The two decades of prohibition and semiclandestinity of the activity of the tariqas caused significant damage to the Sufi tradition, especially to the continuity of their chains of succession (silsiah). However, these remained active and, in the post-socialism period, gained acceptance from both the religious establishment and secularism, even after the break-up of Yugoslavia (1991-1995), with its terrible toll of civilian victims, forced displacements and migration. In the case of Bosnia and Herzegovina, immersed in a post-war period, there was a reformulation of spirituality, as noted by Henig (2014). It was, in effect, a kind of Sufi rebirth characterised by what the author defines as “creative moments” leading to a new sacred topography “that unfolds by cutting across state borders and ethnic identities and transcending national intimacy, while creating new bonds of translocal amity.” “The fall of socialism also opened the field for ‘embodying’ a new Muslim subjectivity through ritual practice such as zikr. This is now more available to Bosnian Muslims than ever before, the freedom to choose what kind of embodied faith one wants to nurture. This is important for ethical self-formation,” as explained for this article by Zora Kostadinova, doctoral candidate at the University College of London (UCL), where she is researching the ethical subjectivities and everyday practices of the Sufis in Sarajevo.
In 1974 a more “open” Yugoslavian constitution gave rise to the creation of the Association of Islamic Dervish Orders (ZIDRA) to promote the study and practice of Sufism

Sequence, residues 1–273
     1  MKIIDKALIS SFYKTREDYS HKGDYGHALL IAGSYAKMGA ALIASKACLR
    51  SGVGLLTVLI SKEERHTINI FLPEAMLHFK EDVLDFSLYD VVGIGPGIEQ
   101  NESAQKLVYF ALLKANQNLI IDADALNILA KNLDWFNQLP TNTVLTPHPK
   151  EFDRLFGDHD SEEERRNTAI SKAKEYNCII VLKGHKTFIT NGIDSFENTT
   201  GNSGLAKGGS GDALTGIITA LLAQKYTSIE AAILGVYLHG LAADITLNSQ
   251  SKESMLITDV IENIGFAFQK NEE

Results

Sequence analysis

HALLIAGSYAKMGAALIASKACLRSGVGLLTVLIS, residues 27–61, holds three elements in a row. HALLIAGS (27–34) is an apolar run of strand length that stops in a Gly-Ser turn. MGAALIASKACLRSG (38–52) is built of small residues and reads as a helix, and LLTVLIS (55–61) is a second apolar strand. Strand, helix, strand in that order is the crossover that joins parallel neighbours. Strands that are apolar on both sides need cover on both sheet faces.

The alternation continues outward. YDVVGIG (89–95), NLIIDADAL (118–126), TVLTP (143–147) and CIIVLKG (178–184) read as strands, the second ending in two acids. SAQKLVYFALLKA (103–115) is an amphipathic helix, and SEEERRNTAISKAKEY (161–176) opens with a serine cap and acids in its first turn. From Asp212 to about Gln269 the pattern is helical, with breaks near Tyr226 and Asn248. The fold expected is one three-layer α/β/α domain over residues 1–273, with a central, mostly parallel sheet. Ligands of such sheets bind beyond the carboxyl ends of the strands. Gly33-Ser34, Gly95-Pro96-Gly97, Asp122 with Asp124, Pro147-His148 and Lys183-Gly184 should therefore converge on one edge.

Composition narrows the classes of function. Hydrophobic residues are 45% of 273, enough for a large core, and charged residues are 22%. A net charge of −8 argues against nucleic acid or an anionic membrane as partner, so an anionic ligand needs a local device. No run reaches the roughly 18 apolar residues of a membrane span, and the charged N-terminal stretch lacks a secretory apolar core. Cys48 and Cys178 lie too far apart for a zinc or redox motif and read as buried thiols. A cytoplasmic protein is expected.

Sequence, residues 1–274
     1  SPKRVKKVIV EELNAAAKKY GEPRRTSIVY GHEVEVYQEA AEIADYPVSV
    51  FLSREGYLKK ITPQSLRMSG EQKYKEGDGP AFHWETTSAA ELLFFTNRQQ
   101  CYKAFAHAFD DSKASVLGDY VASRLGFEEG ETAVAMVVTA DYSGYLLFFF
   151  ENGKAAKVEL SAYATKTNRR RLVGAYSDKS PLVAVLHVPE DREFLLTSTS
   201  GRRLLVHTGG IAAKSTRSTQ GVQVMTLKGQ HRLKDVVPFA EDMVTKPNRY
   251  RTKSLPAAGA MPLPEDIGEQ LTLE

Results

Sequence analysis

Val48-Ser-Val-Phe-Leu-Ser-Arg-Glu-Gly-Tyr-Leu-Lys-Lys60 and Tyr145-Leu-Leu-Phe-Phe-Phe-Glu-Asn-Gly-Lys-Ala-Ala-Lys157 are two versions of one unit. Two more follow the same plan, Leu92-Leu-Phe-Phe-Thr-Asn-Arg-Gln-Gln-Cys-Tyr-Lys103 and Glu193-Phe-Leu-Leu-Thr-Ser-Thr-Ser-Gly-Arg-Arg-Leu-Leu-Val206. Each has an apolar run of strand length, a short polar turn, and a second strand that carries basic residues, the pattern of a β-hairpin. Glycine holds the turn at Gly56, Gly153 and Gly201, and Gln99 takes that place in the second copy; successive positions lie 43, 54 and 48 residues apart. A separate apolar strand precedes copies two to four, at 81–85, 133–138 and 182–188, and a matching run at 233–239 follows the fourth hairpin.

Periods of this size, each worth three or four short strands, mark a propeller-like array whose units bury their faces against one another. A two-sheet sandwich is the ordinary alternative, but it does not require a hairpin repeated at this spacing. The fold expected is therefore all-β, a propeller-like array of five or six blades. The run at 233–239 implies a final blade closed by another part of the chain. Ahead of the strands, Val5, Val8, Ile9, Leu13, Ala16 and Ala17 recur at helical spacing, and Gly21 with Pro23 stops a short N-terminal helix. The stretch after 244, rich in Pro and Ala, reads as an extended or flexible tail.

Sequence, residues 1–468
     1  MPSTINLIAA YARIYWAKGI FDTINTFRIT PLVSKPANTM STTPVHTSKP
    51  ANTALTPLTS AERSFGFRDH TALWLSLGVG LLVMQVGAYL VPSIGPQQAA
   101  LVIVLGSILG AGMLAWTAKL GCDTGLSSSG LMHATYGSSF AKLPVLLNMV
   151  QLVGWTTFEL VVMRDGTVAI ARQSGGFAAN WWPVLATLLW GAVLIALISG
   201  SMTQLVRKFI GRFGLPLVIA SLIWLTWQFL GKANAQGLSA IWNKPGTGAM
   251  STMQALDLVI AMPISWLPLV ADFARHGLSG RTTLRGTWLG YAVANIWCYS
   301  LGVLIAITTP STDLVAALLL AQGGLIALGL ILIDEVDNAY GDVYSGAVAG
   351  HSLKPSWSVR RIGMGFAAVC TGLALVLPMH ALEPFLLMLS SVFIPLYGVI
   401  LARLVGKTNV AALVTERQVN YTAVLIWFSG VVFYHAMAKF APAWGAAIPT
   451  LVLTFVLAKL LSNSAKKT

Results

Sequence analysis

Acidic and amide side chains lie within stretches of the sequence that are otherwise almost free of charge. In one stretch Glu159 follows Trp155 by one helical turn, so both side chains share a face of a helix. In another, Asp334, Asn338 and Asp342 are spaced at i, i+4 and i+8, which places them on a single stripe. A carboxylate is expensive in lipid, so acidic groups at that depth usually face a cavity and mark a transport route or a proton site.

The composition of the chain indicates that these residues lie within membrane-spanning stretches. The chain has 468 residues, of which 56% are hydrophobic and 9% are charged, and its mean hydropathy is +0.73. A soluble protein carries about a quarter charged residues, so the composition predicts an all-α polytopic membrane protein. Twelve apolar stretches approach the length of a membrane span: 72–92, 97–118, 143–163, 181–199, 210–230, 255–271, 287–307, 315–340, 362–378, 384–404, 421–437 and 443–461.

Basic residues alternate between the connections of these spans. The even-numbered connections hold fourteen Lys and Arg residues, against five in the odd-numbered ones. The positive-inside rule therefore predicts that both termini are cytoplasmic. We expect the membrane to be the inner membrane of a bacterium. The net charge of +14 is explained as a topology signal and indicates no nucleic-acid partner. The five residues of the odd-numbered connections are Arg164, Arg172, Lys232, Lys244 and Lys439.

The continuity of the Sufi chains of succession or bezels would probably have suffered a greater disruption if the transmission had not been so deeply rooted. For example, in the 17th century and after a century of acting in the shadow of the Halveti, the tariqa Nakshibendi in Bosnia and Herzegovina experienced an awakening thanks to the figures of Hajj Mejlibaba and Abd al-Rahman Sirri-baba Sikiri , who established the core of the brotherhood in central Bosnia. More than three centuries of continuity followed through Husayn-baba from Fojnica, educated in Kursumlija, in the school of Sarajevo, and then in Constantinople, Konya, Bukhara and Samarkand. Husayn-baba, after decades of training in the Nakshibandi brotherhood, returned to Bosnia by order of his master and established the lodge in Vukeljici with a single disciple, Sirri-baba Sikirić. He became the main master of the Nakshibendi order, in Bosnia, and appointed Muhammad Mejli (Hajji Mejli-baba) as his successor in the tekiya of Vukeljici, from where the Hadzimejlic family came, today the cradle of Sufi masters. Cazim Hadzimejlic, Professor of Conservation and Restoration at the Sarajevo Academy of Fine Arts, and of History of Art and Archaeology at the University of Sarajevo, is one of its members. Furthermore, he is one of the great restorers of the monumental and architectural heritage of Bosnia and Herzegovina and the region, as well as a famous calligrapher. From the tekiya Mesudijja, the house whose doors are always open and whose foundations were laid by his father, the sheik Mesud Hadzimejlic (d. 2009), affirms: “There was a disruption not only because of the ban but also the confiscation of the lodges, foundations, property, and therefore tradition. The period of persecution lasted for more than one hundred and fifty years. Today Sufism is enjoying a period of freedom in which the tekiyas are places where people meet in search of spiritual cognition of God that is achieved through deep contemplation. It is also essential to educate your character in order to get closer to God and reduce your ego by being pleasant to others (adab), serving others (hizmet) and following a method (usul). ‘Come, come, whoever you are!’ said Rumi, which is no more than a divine mandate of behaviour towards others.”